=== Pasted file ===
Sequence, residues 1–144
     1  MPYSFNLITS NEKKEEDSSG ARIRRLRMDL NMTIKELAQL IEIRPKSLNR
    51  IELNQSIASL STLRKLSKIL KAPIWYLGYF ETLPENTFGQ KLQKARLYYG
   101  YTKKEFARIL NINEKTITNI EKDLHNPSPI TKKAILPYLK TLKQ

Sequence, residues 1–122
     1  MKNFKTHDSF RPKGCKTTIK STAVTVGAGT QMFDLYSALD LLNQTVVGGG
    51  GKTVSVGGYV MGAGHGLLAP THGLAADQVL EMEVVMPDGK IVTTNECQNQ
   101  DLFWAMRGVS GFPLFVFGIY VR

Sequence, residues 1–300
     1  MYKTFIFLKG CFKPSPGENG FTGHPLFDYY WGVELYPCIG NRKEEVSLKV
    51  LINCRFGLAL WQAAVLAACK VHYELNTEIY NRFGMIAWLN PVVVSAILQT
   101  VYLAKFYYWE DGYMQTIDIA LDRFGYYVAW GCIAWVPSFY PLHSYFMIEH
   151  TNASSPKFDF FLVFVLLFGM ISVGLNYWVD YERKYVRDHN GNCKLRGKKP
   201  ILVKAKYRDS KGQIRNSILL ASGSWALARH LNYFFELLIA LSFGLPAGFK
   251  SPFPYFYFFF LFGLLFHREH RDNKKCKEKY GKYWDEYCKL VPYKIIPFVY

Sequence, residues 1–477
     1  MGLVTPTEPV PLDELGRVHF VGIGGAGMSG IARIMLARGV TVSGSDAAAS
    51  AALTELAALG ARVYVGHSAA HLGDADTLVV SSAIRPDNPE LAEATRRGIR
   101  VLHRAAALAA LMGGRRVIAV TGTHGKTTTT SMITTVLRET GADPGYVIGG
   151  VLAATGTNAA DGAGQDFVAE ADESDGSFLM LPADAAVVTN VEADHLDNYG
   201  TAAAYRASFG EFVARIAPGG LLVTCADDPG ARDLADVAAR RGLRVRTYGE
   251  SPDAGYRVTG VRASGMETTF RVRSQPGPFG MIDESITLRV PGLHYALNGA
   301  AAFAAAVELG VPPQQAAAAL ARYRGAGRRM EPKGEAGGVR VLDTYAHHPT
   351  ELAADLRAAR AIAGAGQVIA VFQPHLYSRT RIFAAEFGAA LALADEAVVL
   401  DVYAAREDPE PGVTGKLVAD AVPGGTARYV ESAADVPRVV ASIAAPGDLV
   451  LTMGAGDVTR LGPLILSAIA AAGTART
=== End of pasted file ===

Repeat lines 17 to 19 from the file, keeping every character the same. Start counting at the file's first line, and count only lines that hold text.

     1  MGLVTPTEPV PLDELGRVHF VGIGGAGMSG IARIMLARGV TVSGSDAAAS
    51  AALTELAALG ARVYVGHSAA HLGDADTLVV SSAIRPDNPE LAEATRRGIR
   101  VLHRAAALAA LMGGRRVIAV TGTHGKTTTT SMITTVLRET GADPGYVIGG